Third, we are establishing the thalamus as a fundamental structure for understanding the interaction between local (regional) signal variability, large-scale networks, and behavior across the lifespan. Inspired by animal work demonstrating that local temporal variability may primarily reflect synaptic input rather than locally generated “noise,” our work provided first evidence showing that individuals with higher local temporal variability indeed had a more integrated (lower-dimensional) network fingerprint, and that thalamic variability was the strongest determinant of how the whole brain integrates from moment-to-moment (Garrett et al., 2018). Further, we continue to find that older adults who can increase functional integration within the striato-thalamic system under working memory load are better able to upregulate BOLD variability across the entire brain. Our longitudinal work in the NCMCA study suggests that those adults best able to maintain thalamic dynamics over a 2.5-year period are also best able to maintain performance in all major cognitive domains (see Figure 2; Garrett et al., 2021). Finally, in a landmark study for my group combining EEG, fMRI, eye tracking, and computational modeling of behavior (see Figure 3; Kosciessa et al., 2021), we found that when younger participants were more uncertain about what to process in their environment, cortical EEG signals shifted from a rhythmic to a more arrhythmic (“noisy”) mode, a phenomenon strongly rooted in the within-person regulation activity in specific thalamic nuclei (as measured by fMRI). Our results argue that the thalamus may support neural dynamics in general and could optimize brain states according to environmental demands, allowing adults to make better decisions. We are now preparing a manuscript showing that older adults with more young-like regulation of cortico-thalamic dynamics under uncertainty also maintain young-like behavioral performance. Broadly, our work supports a key role for the thalamus in how the brain fluctuates and communicates overall, providing a springboard for future tests of the thalamus (rather than cortex) as a fundamental determinant of aging- and cognition-related differences in brain dynamics. We take this stance formally in a recent review on human thalamic neuroimaging (Shine et al., 2023).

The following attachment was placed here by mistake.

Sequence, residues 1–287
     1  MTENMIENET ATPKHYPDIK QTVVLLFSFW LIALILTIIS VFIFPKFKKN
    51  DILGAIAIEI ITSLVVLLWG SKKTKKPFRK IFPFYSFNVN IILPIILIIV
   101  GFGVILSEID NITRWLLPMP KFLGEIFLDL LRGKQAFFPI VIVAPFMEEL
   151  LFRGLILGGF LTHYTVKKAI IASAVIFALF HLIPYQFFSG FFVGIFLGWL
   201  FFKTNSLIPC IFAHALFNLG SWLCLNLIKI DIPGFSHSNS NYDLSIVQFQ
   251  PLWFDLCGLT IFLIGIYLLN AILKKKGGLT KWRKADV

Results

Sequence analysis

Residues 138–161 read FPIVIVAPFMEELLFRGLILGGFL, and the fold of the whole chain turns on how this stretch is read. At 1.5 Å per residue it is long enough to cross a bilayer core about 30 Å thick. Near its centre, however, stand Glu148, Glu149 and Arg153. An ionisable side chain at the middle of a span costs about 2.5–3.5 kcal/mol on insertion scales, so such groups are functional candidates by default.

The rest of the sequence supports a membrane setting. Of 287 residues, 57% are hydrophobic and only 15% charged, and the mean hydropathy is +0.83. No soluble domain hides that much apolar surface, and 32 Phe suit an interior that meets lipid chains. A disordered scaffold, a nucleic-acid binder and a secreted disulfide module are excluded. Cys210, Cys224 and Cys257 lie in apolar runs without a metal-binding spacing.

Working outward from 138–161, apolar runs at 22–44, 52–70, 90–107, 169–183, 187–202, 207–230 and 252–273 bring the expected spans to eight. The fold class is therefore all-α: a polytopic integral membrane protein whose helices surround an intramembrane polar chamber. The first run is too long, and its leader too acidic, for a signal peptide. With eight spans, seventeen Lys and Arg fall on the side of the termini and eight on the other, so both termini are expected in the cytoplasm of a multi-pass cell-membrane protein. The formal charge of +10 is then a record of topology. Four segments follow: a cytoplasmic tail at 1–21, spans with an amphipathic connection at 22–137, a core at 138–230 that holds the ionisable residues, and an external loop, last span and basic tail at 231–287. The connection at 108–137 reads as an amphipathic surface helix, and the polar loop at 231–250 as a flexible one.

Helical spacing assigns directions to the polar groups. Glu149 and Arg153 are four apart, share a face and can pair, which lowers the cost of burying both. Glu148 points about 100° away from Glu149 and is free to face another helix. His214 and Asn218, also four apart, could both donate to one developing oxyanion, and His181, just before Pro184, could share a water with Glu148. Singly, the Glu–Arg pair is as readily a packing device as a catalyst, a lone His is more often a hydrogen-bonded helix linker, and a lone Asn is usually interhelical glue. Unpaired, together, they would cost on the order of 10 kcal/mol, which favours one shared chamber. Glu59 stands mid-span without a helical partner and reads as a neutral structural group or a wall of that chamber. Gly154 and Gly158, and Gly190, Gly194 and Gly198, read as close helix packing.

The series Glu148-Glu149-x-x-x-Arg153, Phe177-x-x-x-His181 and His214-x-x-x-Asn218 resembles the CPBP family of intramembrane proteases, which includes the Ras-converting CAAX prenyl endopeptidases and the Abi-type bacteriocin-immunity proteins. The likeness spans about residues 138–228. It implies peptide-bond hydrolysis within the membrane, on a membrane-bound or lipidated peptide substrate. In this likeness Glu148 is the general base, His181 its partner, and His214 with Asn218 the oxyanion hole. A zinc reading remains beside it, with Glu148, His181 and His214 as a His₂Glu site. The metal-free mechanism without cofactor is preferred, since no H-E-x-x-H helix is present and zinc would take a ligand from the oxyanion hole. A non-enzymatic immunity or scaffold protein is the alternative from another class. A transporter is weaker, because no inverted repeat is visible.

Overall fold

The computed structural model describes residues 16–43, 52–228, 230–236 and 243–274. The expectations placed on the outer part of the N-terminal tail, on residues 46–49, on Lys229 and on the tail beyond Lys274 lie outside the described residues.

Fourth, the LNDG’s research program is increasingly translational in several complementary ways. Beyond the translational potential of our work on the neurochemical bases of aging-related loss of brain dynamics, we are currently pursuing whether it is possible to “inject noise” into older brains to improve cognitive function. We have now initiated a series of studies that utilize real-time, closed-loop transcranial random stimulation (tRNS)-EEG solutions to determine adaptive, individually tailored “noise regimes” (e.g., specific noise colors and magnitudes) that improve visual perception in older adults. We also model such phenomena via a series of modified dynamical attractor models of bistable perception. One ultimate goal is to develop real-world, mobile/wearable technological solutions that allow invocation of tailored stimulation-based noise regimes across the lifespan. In another example of the translational capacity of our work, we use latent-level machine learning techniques to study whether pre-treatment brain signal variability can act as a reliable predictor of longitudinal cognitive behavioral therapy and drug-based treatment outcomes in samples of younger and older social anxiety patients in Stockholm. Our most recent results suggest that baseline BOLD signal variability models provide a 20–30% improvement in treatment outcome prediction compared to gold standard baseline measures of social anxiety disorder symptoms (Månsson et al., 2022). Our follow-up work is now testing whether baseline signal variability can predict which specific treatment patients should receive (e.g., cognitive behavioral therapy versus medication with selective serotonin reuptake inhibitors, SSRI).
Finally, we continue to be strong supporters of open methods/science. We make complete and carefully documented data sets publicly available whenever possible (see Kosciessa et al., 2021). We also remain committed to keeping our customized algorithms/methods freely available (e.g., the Variability Toolbox (VarTbx) for SPM). We are active and open developers of signal processing techniques, such as oscillation detection (Kosciessa, Grandy, et al., 2020), variance-independent implementations of entropy estimation (Kloosterman et al., 2020; Kosciessa, Kloosterman, et al., 2020), and multivariate/multi-modal methods. All code and analysis pipelines/tools we utilize within the Lifespan Neural Dynamics Group are available on GitHub and applicable to a wide range of neuroimaging data collected at the MPI for Human Development and beyond.